AccessMyLibrary provides FREE access to millions of articles from top publications available through your library.
Not Drag Free
In Curt Trout's article, "Extending Your Drag-free Drifts" (March 2000), the author's "Extended Loop Technique," though it has some merit, goes against accepted principles of dead-drift nymphing.
Trout points out accurately that, because of streambed irregularities, surface currents travel faster than water near the bottom, and that by mending your line to form a loop downstream of your fly, these faster surface currents keep the leader tight, thus aiding in strike detection. However, because the line and indicator end up downstream of the fly and traveling faster, the fly is towed.
From a nymphing perspective, this is problematic for a few reasons. First, when starting a drift, it takes several seconds and feet of travel for the fly to sink to the desired depth. By starting the drift with a downstream loop of floating line, the towing effect on the fly increases the distance required to get the fly to the desired depth. The strength and speed of the current and the weight used to sink the fly are variables, but the principle remains the same. The longer the fly takes to get down to "the zone," the less time it is available to the fish.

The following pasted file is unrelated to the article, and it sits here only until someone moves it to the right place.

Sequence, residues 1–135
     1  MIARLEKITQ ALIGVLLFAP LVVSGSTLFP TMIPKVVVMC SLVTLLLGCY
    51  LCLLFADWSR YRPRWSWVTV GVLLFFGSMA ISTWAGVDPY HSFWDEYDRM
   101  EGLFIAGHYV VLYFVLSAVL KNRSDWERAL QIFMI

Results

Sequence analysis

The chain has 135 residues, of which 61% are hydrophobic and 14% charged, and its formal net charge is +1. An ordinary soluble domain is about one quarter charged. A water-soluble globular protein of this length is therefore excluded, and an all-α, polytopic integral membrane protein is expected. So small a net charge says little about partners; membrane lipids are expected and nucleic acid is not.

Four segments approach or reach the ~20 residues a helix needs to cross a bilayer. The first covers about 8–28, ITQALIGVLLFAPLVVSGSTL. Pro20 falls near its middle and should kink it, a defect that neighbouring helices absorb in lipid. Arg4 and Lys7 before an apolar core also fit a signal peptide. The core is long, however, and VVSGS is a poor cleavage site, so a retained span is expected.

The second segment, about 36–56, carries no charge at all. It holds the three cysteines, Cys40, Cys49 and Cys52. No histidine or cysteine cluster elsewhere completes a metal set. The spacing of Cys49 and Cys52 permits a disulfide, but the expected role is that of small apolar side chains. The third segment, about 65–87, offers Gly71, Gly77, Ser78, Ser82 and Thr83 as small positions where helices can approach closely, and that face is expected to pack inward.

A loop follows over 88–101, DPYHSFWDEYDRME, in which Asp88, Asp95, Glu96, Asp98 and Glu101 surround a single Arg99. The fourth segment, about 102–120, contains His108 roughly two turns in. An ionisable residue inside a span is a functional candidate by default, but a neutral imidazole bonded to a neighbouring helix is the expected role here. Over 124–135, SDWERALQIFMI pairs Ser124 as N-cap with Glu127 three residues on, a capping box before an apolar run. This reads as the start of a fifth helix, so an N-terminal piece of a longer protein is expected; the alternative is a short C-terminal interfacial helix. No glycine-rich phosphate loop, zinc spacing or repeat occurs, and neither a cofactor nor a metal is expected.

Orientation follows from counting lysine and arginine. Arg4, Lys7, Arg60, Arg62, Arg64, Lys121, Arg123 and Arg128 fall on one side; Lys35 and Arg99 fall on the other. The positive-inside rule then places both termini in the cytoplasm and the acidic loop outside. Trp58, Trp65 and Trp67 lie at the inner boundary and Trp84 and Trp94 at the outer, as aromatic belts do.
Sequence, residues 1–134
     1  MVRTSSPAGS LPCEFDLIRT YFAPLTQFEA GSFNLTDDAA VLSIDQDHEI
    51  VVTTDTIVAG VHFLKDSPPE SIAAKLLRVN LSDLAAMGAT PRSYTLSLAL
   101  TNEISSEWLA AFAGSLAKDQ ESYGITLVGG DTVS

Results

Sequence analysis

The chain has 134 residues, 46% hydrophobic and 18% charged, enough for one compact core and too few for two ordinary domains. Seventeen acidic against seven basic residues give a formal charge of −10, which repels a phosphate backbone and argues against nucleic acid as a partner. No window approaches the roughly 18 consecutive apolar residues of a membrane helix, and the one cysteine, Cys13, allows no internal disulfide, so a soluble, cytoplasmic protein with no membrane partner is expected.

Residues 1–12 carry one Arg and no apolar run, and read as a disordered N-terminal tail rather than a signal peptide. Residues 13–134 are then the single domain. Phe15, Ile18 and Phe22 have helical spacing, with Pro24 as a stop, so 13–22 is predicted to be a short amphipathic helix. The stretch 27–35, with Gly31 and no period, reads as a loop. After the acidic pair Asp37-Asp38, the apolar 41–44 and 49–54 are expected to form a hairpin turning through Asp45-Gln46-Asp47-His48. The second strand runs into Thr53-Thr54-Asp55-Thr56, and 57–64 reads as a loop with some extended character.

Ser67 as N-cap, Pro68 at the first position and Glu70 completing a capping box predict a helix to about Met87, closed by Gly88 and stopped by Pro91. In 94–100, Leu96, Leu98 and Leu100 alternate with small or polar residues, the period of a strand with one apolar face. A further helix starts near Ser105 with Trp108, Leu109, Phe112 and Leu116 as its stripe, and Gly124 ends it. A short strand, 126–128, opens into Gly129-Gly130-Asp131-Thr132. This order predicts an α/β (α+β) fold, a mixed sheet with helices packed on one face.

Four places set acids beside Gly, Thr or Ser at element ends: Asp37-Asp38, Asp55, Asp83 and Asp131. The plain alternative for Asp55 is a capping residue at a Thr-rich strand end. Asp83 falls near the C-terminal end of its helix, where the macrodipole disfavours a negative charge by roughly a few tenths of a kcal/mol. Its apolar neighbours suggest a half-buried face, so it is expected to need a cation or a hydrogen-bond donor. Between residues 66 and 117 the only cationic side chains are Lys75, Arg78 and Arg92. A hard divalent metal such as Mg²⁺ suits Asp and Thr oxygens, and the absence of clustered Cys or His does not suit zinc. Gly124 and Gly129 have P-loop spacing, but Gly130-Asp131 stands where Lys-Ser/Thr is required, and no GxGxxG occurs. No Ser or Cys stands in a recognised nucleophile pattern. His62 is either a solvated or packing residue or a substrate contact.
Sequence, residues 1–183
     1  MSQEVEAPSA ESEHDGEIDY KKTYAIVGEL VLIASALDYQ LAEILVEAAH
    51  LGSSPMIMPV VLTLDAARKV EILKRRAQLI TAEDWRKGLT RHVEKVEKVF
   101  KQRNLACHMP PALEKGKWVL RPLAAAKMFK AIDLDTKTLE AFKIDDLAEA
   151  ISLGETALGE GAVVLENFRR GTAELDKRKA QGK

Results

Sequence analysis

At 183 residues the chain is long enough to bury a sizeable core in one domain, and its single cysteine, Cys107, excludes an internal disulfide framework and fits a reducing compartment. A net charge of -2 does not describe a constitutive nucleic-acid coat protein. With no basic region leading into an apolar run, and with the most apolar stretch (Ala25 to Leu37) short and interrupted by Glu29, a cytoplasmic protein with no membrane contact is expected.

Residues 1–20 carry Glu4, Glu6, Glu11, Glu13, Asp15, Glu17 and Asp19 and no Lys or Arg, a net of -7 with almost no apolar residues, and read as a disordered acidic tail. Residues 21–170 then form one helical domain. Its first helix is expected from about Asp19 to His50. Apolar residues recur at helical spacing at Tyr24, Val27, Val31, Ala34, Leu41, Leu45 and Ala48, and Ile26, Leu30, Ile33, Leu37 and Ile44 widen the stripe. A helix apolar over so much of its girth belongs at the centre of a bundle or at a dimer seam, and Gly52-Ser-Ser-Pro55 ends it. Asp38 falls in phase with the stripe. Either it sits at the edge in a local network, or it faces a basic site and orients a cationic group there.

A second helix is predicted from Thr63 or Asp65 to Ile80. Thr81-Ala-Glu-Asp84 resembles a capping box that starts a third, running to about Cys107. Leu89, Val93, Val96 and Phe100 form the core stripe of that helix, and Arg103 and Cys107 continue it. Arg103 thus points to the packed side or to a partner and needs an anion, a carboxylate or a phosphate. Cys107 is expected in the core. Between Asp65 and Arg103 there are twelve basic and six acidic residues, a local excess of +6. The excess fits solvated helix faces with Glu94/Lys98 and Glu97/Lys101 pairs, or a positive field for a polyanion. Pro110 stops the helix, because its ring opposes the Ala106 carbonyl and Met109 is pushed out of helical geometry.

Second, if the fly is towed during the drift, it is not a true dead-drift presentation. Whether this is critical or not remains circumstantial and will vary. For example, during spring and summer on Alaska's Kenai River, where native fish endure long, dark winters with a relatively limited food supply, rainbows and char feed aggressively on salmon eggs to gain weight for a long winter. During these heavy feeding periods, fish take less-than-optimally presented flies. In contrast, fish on the Green, San Juan, or other high-profile river fisheries can be brutally critical of the presentation and demand a true dead-drift.
Finally, because the fly line is on the surface in Trout's technique, the fly is pulled upward during the drift, causing it to leave "the zone" prematurely. This action is similar in concept to the Leisenring lift …